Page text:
As county projects budget shrinks, Ane K extension still likely slated for 2020

  • Vehicles make there way through Ane Keohokalole Highway's terminus at Hina Lani Street in Kailua-Kona. (Chelsea Jensen/West Hawaii Today)

The pace of public projects has slowed as the county nears its prudent borrowing limits and seeks other revenue sources to build needed roads, wastewater systems, workforce housing and fire stations.

Mayor Harry Kim’s capital improvement budget released last week listed 39 projects costing $190.9 million next year. That’s a significant decrease from the 85 projects costing $231.9 million in the 2013 budget released by former Mayor Billy Kenoi.

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The county’s bond debt ratio, based on all debt approved by the County Council, is at 12.43 percent of general expenditures, close to the 15 percent ceiling recommended by the Government Finance Officers Association.

Kim and a minority of council members are recommending the county adopt a half-cent general excise tax surcharge to help fund road and transit projects.

Currently, all of the money collected in general excise taxes goes into state coffers.

Even with an $8.8 million boost next year from a fuel tax increase, Kim said in his budget message, “there is still not enough to allow us to do the larger road projects that are also needed, such as the Ane Keohokalole extension to Kaiminani Drive.”

That doesn’t mean the project is postponed, said Aaron Stene, a former blogger who keeps close track of Big Island road projects. Stene pointed to an April 6, 2017, presentation about road projects posted on the Department of Public Works website that estimates a notice to proceed on a shovel-ready project is planned for December 2020.

“Bear in mind the county wasn’t planning on starting construction until 2020,” Stene said.

The project to extend the major thoroughfare from Hina Lani Street to Kaiminani Drive is estimated at $40 million. It’s a community priority and one of the top road projects endorsed by the Kona-Kohala Chamber of Commerce.

But the road extension isn’t listed in the county’s six-year capital improvement budget. Two other West Hawaii road projects — Henry Street reconstruction and Oneo Lane — are listed in the 2018-24 plan, as well as two East Hawaii projects — Puhala Street extension and 4-Mile Creek Bridge replacement.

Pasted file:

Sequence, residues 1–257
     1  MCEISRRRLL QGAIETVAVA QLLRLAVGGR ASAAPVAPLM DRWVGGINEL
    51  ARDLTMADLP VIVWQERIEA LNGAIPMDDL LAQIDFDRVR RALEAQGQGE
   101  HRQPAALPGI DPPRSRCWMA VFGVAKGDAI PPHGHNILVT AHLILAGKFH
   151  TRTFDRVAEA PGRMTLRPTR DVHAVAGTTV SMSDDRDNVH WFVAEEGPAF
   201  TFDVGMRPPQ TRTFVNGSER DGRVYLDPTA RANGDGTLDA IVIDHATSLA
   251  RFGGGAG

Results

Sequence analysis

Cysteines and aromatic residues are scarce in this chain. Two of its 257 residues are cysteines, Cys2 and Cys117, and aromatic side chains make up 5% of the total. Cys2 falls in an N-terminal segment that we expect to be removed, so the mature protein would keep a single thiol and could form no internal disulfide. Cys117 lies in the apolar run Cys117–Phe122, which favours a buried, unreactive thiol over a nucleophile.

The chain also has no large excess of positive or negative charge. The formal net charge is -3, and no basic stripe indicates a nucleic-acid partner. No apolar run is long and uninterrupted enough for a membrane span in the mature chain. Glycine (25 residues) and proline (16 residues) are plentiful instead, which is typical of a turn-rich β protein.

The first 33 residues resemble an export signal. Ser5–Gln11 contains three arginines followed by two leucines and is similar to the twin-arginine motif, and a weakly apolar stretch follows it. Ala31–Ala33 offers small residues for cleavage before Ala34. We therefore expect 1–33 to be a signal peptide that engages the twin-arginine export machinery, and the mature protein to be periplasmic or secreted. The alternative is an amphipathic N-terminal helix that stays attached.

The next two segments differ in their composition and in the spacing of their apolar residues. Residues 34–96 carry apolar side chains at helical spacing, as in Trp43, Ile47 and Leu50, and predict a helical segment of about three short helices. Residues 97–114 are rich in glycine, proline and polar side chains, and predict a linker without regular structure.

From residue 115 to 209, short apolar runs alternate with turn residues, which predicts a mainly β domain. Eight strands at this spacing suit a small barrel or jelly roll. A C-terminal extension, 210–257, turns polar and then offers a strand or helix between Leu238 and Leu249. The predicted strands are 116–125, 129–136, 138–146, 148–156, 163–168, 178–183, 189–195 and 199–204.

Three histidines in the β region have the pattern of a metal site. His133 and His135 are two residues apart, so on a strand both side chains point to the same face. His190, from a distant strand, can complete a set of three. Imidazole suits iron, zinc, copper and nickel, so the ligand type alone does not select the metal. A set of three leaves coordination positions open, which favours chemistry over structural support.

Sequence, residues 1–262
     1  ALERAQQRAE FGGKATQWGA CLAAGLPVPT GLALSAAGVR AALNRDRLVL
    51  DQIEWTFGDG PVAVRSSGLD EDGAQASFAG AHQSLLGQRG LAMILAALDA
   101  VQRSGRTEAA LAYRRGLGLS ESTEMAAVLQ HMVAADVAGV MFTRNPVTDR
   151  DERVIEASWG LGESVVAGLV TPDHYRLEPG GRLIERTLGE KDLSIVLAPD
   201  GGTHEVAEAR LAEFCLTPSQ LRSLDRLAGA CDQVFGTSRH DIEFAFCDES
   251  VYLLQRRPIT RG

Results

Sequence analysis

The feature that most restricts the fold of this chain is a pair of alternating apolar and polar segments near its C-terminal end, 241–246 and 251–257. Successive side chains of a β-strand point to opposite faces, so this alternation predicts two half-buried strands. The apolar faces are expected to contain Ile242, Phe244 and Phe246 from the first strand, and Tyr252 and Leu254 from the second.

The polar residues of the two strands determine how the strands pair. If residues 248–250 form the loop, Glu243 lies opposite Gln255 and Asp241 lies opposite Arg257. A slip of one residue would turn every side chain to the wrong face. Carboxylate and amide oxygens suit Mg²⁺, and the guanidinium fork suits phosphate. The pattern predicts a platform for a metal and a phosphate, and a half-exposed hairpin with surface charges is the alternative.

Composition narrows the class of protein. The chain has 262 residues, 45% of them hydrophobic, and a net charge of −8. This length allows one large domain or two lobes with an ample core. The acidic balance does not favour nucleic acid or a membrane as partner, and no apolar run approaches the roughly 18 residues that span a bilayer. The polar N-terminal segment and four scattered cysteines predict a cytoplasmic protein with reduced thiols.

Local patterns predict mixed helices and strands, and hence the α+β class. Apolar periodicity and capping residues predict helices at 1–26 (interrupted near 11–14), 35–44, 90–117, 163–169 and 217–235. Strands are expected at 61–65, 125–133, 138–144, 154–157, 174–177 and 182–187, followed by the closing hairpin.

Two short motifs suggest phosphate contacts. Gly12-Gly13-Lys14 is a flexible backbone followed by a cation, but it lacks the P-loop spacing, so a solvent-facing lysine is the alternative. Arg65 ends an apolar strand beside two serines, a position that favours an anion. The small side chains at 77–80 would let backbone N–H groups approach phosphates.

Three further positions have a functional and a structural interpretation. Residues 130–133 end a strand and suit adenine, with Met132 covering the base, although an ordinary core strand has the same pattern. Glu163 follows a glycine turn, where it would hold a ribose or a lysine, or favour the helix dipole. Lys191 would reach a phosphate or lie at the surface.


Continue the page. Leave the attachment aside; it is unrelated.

Although the Ane Keohokalole extension isn’t listed in the six-year CIP, a contract for an archaeological study is in process and soon to be executed, said Public Works spokesman Barett Otani.

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He said the project is not yet in the design or engineering stage.

Materials provided by the Kim administration in support of the GET surcharge say the money could enable the county to “fast-track” the project.

  1. Rusty Da Clown March 11, 2018 6:51 am

    Let’s not forget that the CIP budget is only a wish list. What has Harry Kim actually done since taking office?

    – stopped the compost facility, sending more trash to the landfill
    – re-dedicated Mauna Kea Park which was already open (still waiting on the cabins, which are done)
    – dedicated Haihai Fire Station which Mayor Kenoi built
    – dedicated a shipping container/re-use store

    Harry Kim is in his second year. He can’t act like he’s still learning how to be mayor, he was mayor before. He keeps raising taxes, and what do we get? Not much.


    1. Scooby March 11, 2018 7:31 am

      You are correct, most CIP projects have been on the books for years and get re-appropriated at the departments request. Submitting a reduced CIP project budget means nothing in the grand scheme of things. Unless funding is identified and “allotted” the fact that you have a project with “appropriated” stamp means better luck in two years. What the writer of this article fails to point out is the Mayor picks the projects he wants funded, unless its mandated projects such as large capacity cesspools or ADA compliance issues. It does not mean 190 mill will be spent on CIP projects, and another fact that was not pointed out is last years CIP projects are still on the books so that number should be significantly higher.


  2. Benny HaHa March 11, 2018 10:35 am

    Love the caption to the photo. “vehicles make there way through…”


  3. burned_out March 11, 2018 3:37 pm

    What is the number one job of our local government? Public safety, meaning the fire department. Cops don’t protect anybody, it is not their job, they are just here to clean up messes and make money for the state.
    What is the number two job of the county? Housing permitting and zoning control, I don’t know. It is supposed to be my land, not the governments. Perhaps they could quit spending our money and cut back, to what is really important. Perhaps they should take control of our island back from Oahu. That might be worth some extra taxes.


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